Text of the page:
In 1964 Paul Theroux was a Peace Corps Volunteer in Nyasaland (as Malawi was called before independence), living on the edge of “a crack in the earth,” as he wrote in a letter home to The Christian Science Monitor. That same year I was a PCV farther north, up in the highlands of Ethiopia, a few hours east of the Great Rift.

Though our years in Africa overlapped, I didn’t know Theroux then. But I heard of him. By the time he was 23, his outspokenness had already made him notorious within the Peace Corps.

In the fall of 1965, I returned to Ethiopia as an Associate Peace Corps Director (APCD), and Theroux appeared as a central character in a story that swept through Peace Corps/Africa. The Peace Corps CD in Malawi had been sent home by the U.S. Ambassador, Sam P. Gilstrap.

It seems that the Malawi PCVs had started a Volunteer newspaper called The Migraine, and its editor had written a piece opposing the American presence in Vietnam. When the Ambassador, an old and dear friend of President Lyndon Johnson, saw the newspaper, he expelled the country director, Michael McCone (Staff: Sierra Leone, Malawi, Malaysia 1962-66), for allowing publication of the editorial - which had been written by Paul Theroux.

Will Lotter, Deputy Director of the Malawi Peace Corps project (1965-67), said it was Theroux’s article that first made him aware of the anti-war movement among young Americans. “I came off the Davis campus in California. I had been an athletic coach and Paul opened my eyes to our folly in Vietnam.”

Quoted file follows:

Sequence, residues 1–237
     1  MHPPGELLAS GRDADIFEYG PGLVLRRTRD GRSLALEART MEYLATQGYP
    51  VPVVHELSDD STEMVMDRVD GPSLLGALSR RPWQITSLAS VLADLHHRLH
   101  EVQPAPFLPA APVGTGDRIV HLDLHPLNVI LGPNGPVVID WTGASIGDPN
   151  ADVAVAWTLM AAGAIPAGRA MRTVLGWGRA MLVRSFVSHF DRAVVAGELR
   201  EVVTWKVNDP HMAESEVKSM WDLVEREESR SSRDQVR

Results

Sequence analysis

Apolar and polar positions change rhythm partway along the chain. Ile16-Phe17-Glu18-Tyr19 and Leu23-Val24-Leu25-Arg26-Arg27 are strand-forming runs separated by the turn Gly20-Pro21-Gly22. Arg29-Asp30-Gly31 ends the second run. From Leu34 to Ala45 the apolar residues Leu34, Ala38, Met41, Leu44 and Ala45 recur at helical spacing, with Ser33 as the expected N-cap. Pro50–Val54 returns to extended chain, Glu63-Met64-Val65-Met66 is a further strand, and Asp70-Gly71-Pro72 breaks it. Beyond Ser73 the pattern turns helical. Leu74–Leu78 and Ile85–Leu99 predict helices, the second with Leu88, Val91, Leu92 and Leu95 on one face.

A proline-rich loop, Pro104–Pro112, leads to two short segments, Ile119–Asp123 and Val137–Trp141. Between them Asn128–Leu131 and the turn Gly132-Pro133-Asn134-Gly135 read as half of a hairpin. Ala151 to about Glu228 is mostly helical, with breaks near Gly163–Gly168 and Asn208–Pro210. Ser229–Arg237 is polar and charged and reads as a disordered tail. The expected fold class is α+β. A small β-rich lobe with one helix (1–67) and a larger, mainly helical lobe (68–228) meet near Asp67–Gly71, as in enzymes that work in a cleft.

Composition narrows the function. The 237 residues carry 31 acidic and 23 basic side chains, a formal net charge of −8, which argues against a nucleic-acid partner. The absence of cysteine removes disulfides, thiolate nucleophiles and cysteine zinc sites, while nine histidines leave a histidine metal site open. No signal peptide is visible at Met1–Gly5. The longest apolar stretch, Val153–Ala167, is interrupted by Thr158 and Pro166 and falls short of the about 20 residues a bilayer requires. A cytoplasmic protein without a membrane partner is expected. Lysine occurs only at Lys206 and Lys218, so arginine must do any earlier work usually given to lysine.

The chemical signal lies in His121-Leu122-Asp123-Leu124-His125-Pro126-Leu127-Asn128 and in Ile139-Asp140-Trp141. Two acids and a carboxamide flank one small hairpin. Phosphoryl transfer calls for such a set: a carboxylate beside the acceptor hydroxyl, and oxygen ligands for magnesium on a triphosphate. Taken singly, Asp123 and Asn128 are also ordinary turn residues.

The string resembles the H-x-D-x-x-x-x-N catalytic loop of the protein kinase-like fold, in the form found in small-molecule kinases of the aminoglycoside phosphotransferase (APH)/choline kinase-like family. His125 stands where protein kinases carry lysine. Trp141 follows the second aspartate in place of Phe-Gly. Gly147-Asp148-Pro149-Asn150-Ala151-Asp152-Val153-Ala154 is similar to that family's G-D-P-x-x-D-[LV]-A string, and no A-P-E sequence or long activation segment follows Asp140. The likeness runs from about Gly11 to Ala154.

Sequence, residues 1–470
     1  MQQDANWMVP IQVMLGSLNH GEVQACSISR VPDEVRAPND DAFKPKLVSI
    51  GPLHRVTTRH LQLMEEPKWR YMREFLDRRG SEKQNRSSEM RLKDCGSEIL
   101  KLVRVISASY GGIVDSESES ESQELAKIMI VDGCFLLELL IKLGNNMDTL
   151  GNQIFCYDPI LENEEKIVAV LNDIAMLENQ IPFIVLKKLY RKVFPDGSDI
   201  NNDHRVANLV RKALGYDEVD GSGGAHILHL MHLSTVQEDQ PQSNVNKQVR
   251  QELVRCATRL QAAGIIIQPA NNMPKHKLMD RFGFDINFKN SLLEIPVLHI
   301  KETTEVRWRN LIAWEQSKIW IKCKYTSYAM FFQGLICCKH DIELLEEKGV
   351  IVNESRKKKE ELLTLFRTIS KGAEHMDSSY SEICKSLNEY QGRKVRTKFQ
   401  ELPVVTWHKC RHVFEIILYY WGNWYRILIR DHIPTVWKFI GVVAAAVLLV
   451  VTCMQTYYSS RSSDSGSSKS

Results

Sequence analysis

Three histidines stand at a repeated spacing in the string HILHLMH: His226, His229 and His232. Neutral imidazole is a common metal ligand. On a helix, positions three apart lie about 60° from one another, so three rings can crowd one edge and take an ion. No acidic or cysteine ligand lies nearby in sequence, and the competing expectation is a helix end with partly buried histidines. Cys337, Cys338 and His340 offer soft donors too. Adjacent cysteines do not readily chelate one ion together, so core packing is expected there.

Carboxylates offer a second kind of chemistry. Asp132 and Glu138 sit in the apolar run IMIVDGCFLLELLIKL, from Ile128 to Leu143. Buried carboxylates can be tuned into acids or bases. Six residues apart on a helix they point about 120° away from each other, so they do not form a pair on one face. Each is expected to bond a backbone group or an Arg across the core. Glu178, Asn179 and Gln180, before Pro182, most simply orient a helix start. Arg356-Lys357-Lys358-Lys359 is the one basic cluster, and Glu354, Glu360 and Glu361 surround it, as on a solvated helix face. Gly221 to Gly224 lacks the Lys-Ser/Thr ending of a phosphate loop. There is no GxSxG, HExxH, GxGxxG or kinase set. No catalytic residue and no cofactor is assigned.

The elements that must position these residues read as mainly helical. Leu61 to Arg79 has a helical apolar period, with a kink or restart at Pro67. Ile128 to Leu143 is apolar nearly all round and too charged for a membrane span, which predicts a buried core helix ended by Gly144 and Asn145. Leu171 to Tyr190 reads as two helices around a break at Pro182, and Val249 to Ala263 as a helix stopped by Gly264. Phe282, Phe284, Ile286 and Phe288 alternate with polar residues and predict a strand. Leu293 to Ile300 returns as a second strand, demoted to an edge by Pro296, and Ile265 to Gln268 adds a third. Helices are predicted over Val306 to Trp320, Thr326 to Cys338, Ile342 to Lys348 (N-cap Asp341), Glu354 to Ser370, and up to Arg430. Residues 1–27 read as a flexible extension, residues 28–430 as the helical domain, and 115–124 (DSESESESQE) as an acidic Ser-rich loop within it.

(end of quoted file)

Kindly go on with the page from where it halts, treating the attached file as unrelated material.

And if they read his editorial, most Volunteers overseas would have agreed with Theroux, though many Volunteers did support U.S. military activities in Asia, at least in 1964. (It wasn’t until 1965-66 that male PCVs began to join the Peace Corps to avoid the draft.)

But what was Ambassador Gilstrap thinking? Didn’t every ambassador know PCVs always mouthed off against U.S. foreign policy, even while eating all the hors d’oeuvres at every embassy reception? If anyone lacked good judgment, it was Sam P. Gilstrap. [We had another example of this a few years ago when the Tanzania U.S. Ambaassador, Michael Retzer, kicked the Peace Corps CD, Christine Djondo, out of the country when she refused to leave voluntarily. When this happened in Tanzania, her PCVs rallied to her cause.]

I remember sitting in the old Peace Corps office in Addis Ababa and reading cable traffic about the Malawi incident. Country Director Mike McCone was back in Washington being interviewed by Sargent Shriver and waiting for a decision on his Peace Corps future.

About that same time, it was learned that a Volunteer in Malawi had been declared persona non grata by Dr. Hastings Banda, the Prime Minister, not for protesting the Vietnam war but for supporting Yatuta Chisiza, a Malawian whom Banda suspected of trying to overthrow his government. The PCV in question was Paul Theroux.

[Part 2]